By Rick Woelfel
Even before she finished high school, Eira Glover knew she wanted to be a dancer. Nearly two decades later, her passion endures.
“Some people kind of drop off or burn out,” she says. “You’ve got to want it; you’ve got to want to live an alternative lifestyle and commit yourself to something.”
Glover’s passion for her chosen profession is evident in her portrayal of the Peacock Goddess, one of the major roles in the Cirque du Soleil production of Amaluna, which is playing through August 25 under the big top adjacent to the Greater Philadelphia Expo Center in Oaks.
The show features a blend of circus-type acts. Based more or less on Shakespeare’s The Tempest, it is set on the mythical island of Amaluna, which is ruled by goddesses (the cast is 70 percent female), including Queen Prospera, whose daughter Miranda is coming of age. When she meets a man who is one of a group washed onto the island in a storm created by her mother, the Peacock Goddess challenges her suitor and tests his commitment, sincerity, and love.
It’s a physically demanding role, one that requires that Glover prepare herself for seven or eight performances each week, plus run throughs. But over the course of her career she has worked to fine-tune her fitness regimen.
“I’ve learned how to that better,” the Montreal native says. “How to be well for the show, how to keep my body health, to keep myself interested. I’ve definitely gotten better at that.
“I would say earlier in my career it was more an attachment to a strict regimen which probably comes from the ballet background where you have that ballet class daily and without that, you just can’t imagine how you could stand or how you could function.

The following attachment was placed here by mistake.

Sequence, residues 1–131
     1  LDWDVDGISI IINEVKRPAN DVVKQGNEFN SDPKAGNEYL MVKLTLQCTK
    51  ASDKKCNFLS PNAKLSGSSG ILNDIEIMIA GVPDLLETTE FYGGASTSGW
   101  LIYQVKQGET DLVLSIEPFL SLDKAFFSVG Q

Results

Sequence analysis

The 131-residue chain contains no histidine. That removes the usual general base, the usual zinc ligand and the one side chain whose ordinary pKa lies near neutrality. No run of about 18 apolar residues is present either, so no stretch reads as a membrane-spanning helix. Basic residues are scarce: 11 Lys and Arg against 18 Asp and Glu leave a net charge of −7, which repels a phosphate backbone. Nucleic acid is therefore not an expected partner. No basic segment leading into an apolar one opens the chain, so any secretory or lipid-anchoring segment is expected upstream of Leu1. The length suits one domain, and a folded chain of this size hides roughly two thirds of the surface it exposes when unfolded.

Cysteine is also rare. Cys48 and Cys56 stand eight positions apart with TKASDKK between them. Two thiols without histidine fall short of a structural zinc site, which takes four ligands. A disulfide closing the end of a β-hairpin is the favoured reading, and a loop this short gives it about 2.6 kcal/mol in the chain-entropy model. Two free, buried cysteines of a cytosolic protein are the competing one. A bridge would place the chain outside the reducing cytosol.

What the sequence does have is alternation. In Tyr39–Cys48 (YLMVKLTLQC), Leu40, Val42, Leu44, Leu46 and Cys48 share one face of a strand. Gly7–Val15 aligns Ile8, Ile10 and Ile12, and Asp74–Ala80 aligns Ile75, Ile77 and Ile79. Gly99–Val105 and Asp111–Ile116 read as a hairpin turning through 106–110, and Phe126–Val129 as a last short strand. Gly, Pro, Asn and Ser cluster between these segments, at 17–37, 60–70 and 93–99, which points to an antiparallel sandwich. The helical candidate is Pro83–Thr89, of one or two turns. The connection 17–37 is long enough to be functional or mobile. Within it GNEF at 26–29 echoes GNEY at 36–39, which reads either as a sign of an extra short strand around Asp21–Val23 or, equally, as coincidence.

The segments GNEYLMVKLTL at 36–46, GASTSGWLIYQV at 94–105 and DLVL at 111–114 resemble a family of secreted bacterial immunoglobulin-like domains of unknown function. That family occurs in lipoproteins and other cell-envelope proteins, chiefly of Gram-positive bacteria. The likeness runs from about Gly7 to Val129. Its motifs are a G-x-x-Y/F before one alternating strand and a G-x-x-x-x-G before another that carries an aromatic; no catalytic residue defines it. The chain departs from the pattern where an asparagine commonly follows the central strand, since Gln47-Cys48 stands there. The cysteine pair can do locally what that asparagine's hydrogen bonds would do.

“And then, over the years there were different demands, depending on the just being able to listen to my body; ‘Is this the moment when I need to push it? Okay do that yoga classic, even though I don’t feel like it,’ or do some weight training or cardio. Or is this a moment when I need to pull back, maybe just spend an extra hour stretching, doing something more restorative.”
On performance days in Oaks, Glover starts her day with a 25-minute bike ride from her accommodations to the venue. She might do an hour of yoga (she is a yoga instructor when she’s not on the road).”
After that she’ll eat a light meal and put on her makeup, and then, just prior to show time, do a series of exercises.
“Maybe three sets of five exercises each,” she says, “stressing various parts of my body that I’m sensing more than other parts.”
The show runs just over two hours, including a 35-minute intermission. During the interlude, Glover will do some additional fitness work.
“I’ll usually use that to train something else I’m working on,” she says. My handstands, or maybe just do some ab work, or roll my body out on the roller and some balls, or just keep it moving through some improvisation.”
All this physical training helps Glover maintain her physical and mental energy over the course of a performance schedule that features seven or eight performances each week, but it also helps her convey the emotion that is central to her character. The Peacock Goddess is not one to be trifled with.
“Keeping it fresh, the emotional turmoil that the Peacock goes through,” Glover said. “I want to believe myself. I think only if I believe myself will the people watching be transported somewhere and potentially touched.”
For Amaluna showtimes click here.